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LONDON (Reuters) - A northern English city has found an "incredibly rare" symbol of wartime cowardice.
Archivists in the city of Wolverhampton found a white feather -- sent to men accused of cowardice during World War One for not "doing their bit" for the war effort -- along with an anonymous letter addressed to a William Weller and signed "A. Chicken Heart."
Weller was a local architect who was excused from military service on medical grounds and because his work in Wolverhampton was vital to the war effort.
City archivist Heidi McIntosh said Weller was a partner at the Weller firm of architects, which designed buildings in the city in the 19th and 20th century.
The letter and feather were found by council staff and the Wolverhampton Buildings Preservation Trust as they were looking through archives.
"Your gallant + protracted defense against the brutal attacks of the local tribunal has been brought to the notice of the Supreme Council of the Most Noble Order of The Trench Dodgers," the letter reads.
The Order of the White Feather was founded at the start of the First World War and aimed to coerce men to enlist in the Army by persuading women to present them with a white feather if they were not wearing a uniform.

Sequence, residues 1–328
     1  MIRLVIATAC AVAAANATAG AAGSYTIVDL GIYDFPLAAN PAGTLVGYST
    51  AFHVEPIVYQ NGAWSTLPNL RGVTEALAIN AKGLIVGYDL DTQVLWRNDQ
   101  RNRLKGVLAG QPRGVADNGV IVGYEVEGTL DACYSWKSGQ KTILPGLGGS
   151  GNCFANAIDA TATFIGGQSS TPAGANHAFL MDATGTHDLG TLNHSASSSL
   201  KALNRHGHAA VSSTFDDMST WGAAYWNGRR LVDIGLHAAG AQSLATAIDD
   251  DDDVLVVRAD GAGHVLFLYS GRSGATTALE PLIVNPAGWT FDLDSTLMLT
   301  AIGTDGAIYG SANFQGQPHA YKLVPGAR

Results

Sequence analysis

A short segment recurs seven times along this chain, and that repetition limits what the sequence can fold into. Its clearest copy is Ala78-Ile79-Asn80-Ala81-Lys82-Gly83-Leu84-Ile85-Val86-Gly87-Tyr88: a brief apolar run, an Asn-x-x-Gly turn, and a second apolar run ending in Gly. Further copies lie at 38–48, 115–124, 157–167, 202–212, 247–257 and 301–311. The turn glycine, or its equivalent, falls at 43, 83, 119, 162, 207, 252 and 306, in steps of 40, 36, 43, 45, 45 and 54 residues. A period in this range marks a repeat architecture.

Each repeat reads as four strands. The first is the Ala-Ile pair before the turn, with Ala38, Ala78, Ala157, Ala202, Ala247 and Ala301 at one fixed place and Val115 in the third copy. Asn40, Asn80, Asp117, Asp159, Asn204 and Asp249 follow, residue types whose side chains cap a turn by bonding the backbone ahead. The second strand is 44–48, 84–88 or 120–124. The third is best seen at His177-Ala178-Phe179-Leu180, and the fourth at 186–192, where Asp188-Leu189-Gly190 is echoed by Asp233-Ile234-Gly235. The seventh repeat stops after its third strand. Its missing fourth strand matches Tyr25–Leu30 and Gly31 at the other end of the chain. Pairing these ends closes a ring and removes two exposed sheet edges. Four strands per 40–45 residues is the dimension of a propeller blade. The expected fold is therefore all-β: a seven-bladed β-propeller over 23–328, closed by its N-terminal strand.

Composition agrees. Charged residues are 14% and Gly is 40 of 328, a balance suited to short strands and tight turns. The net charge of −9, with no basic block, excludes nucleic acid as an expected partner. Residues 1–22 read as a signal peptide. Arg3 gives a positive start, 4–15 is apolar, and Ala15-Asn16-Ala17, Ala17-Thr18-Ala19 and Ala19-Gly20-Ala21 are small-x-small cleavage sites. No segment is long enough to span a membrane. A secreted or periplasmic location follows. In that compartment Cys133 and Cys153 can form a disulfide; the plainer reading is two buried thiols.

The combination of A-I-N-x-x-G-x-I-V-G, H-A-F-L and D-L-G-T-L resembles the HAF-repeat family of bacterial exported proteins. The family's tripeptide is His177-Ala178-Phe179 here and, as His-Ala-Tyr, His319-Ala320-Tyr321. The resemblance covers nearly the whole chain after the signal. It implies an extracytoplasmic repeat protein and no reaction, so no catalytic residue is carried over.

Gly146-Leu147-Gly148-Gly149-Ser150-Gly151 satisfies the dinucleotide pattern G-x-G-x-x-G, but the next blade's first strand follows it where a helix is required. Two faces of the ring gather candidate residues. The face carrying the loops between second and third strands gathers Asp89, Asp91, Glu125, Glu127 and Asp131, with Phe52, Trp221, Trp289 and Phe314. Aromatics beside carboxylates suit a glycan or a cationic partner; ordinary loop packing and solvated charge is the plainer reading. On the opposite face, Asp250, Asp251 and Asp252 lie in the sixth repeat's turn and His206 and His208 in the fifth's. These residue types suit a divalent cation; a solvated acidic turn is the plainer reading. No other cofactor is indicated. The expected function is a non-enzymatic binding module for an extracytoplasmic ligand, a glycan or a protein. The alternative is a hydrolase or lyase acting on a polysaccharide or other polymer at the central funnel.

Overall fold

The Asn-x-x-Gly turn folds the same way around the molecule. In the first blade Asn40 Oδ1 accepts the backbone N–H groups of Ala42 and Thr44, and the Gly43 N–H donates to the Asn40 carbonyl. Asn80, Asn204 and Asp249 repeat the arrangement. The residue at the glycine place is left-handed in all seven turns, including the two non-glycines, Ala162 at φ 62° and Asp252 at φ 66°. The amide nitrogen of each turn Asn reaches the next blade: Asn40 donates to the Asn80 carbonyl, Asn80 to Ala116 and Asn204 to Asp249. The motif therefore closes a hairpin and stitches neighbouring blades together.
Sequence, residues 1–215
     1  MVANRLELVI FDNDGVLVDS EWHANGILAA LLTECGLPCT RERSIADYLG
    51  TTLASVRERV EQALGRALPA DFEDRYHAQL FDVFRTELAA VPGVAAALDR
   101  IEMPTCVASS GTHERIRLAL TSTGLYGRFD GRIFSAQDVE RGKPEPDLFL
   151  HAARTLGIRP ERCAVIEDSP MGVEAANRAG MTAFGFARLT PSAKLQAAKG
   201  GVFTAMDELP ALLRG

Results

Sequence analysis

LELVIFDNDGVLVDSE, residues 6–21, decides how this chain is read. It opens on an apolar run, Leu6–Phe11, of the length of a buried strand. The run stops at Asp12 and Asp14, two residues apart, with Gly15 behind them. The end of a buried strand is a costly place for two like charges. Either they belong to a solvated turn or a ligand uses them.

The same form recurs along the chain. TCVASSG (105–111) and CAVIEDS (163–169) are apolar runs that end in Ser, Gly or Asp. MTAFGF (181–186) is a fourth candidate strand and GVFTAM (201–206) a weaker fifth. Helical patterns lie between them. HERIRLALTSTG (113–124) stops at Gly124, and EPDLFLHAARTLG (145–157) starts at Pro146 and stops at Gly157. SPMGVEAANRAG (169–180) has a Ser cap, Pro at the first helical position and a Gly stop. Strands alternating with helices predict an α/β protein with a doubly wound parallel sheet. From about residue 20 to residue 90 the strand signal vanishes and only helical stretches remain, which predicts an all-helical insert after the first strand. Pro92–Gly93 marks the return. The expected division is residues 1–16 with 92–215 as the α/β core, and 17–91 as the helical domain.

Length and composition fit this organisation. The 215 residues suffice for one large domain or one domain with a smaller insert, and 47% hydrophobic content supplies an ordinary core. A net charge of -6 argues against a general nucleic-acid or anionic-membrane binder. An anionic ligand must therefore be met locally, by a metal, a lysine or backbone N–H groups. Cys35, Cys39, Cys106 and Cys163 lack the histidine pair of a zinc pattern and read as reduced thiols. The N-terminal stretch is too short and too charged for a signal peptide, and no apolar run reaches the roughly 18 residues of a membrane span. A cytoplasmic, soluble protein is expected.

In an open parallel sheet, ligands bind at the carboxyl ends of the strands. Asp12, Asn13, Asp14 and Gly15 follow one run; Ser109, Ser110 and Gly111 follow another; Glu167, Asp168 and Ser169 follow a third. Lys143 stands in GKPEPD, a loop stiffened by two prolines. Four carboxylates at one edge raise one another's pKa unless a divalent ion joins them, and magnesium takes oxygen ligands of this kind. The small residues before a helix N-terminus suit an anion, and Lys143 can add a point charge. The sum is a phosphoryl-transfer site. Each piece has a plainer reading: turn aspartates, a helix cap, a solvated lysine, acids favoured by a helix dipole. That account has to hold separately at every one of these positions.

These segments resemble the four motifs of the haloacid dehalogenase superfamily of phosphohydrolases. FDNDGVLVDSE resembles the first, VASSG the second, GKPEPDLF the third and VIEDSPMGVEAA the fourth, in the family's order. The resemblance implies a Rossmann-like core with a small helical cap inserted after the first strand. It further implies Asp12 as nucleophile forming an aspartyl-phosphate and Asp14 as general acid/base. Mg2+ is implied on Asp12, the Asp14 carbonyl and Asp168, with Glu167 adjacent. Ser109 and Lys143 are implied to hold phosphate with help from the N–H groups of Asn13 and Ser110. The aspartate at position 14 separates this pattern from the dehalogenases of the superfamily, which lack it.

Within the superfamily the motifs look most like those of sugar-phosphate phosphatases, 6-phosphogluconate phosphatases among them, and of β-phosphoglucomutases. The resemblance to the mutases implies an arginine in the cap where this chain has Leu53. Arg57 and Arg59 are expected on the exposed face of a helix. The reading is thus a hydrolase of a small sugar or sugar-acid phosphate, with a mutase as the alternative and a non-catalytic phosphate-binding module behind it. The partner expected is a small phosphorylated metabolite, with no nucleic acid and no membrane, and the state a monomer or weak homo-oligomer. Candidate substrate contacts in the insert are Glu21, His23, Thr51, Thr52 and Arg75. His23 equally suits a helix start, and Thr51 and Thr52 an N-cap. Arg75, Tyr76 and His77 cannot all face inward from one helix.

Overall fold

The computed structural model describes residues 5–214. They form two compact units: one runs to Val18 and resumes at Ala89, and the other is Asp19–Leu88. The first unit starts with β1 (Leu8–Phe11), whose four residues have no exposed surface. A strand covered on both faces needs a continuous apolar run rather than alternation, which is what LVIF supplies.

McIntosh said finding a feather and letter intact was particularly rare as the letters were meant to shame the recipient, who would be unlikely to keep them.
She said that William, who was in his early 40s at the time, should not have been sent this white feather because he had been excused from service on medical grounds and because he was carrying out essential war work by building homes for steel industry workers.
It was even more surprising that he kept both.
"And we're very grateful that he did as it's a fascinating artifact and an incredibly rare find -- even the Imperial War Museum doesn't appear to have one. It gives a stark and chilling alternative view of the war."
Reporting by Paul Casciato, editing by Patricia Reaney